I also ordered the first round of parts to get the bike ready for a street legal inspection.  Details will be shared once I know if they work or not.

mazdeuce - Seth
mazdeuce - Seth Mod Squad
10/26/19 8:53 a.m.

Identify the pilot screw, and gently tun it in while counting. record that so you can go back there. now set it to the 1 5/8 recommended and see how that affects starting and running. Idle is adjusted through #7, throttle stop adjuster? Should be a procedure for dancing between the bleed screw and idle to get it all happy. 

XLR99
XLR99 Dork
10/26/19 8:59 a.m.

Yes, that looks like the same carb as Nick's '91.  I got a rebuild kit from Motolab  which came with decent instructions.  He sells better carb bowl drain screws with a 5mm hex, since yours already looks abit stripped.  After the carb rebuild and new battery, it's almost always a 1-3 kick start unless it hasn't been ridden in awhile.

Also, it's probably a good idea to get a few different sizes of JIS screwdrivers.  I got a couple of Vessel ones from Amazon, some of which have a built in impact on them yes. They were like $8-10ea, and work great for all phillips screws, and don't seem to cam out as easily.

mazdeuce - Seth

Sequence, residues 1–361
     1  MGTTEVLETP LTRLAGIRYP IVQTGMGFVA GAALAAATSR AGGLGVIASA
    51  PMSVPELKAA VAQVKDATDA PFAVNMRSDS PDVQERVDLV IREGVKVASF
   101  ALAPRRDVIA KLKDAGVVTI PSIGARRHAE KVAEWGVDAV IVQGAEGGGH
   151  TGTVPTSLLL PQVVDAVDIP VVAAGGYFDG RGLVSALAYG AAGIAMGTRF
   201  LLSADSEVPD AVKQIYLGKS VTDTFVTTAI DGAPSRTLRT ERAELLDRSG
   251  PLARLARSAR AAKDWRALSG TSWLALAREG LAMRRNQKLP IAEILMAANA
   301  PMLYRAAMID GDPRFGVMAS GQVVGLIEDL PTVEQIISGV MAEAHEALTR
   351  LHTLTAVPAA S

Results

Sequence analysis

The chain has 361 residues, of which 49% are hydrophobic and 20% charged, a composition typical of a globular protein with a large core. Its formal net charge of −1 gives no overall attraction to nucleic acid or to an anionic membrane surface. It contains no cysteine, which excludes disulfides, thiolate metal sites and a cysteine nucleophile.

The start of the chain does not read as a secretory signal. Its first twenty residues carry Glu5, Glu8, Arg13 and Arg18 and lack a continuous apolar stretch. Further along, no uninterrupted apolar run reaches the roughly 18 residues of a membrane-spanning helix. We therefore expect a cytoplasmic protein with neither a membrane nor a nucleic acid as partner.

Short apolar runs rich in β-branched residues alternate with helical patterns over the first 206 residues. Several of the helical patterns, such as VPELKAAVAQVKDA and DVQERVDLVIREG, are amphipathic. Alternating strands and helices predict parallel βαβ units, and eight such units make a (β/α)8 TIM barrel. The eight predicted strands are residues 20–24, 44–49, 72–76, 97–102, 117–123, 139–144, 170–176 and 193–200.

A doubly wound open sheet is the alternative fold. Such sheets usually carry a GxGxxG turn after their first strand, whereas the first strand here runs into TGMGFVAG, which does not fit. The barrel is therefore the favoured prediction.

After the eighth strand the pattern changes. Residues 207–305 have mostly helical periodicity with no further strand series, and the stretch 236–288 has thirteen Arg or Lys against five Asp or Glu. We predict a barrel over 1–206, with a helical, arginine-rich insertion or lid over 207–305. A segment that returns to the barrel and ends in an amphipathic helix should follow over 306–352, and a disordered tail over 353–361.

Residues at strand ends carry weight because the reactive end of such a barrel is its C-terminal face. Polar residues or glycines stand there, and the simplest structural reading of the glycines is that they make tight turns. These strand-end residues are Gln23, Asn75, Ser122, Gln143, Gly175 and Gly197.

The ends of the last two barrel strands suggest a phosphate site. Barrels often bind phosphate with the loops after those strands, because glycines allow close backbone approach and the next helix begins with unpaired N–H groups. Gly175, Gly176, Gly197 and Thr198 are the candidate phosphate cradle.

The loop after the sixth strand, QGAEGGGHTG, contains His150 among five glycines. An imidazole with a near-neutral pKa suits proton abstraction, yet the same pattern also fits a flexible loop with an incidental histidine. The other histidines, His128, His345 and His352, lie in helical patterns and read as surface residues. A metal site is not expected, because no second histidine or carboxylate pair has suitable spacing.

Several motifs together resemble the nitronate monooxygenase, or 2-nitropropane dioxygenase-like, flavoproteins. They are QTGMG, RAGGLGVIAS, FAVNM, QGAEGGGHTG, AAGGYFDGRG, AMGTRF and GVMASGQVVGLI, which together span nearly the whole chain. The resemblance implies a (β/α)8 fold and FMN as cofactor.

mazdeuce - Seth Mod Squad
10/26/19 9:02 a.m.

JIS #2 will change your life. 

paranoid_android
paranoid_android UberDork
10/26/19 1:04 p.m.

Took it apart for inspection and cleaning.

Nothing appeared to be properly plugged up or varnished over.  There was a fair bit of whitish powdery crap, like the leftovers of cheap gas that sat for a bit.

Bowl contents:

The most obvious thing I saw was the absence of a part the manual showed by the main jet:


Mine as found:


Not sure what to think about that.

Pilot screw was identified, as found was 2.5 turns out.  I put it back at the 1 5/8 turns out the manual indicated.

Also of note, the float bowl gasket seemed to have been coated in some kind of clear caulk like silicone, some of which came loose inside the bowl.  The float needle was in good shape though, so at the least I may need a new float bowl gasket.  I'll see if this one seals after I clean the caulk off of it.

I could read marks on two of the jets, and the numbers matched what was listed in the book.  So that's good.

Yes, I believe idle is adjusted through #7.  I'll have to do some more reading to see what it says about finding its happy place.

Thank you for the motolab tip!  They are on my radar for replacement parts.  The head of the bowl drain plug is indeed borked, but I got it out.

Embarrassingly enough, I completely forgot about the existence of JIS tools.  Sheesh.  I'll be adding those to my tool list as well!

Hopefully I can get back out to the garage this evening to see if I fixed anything.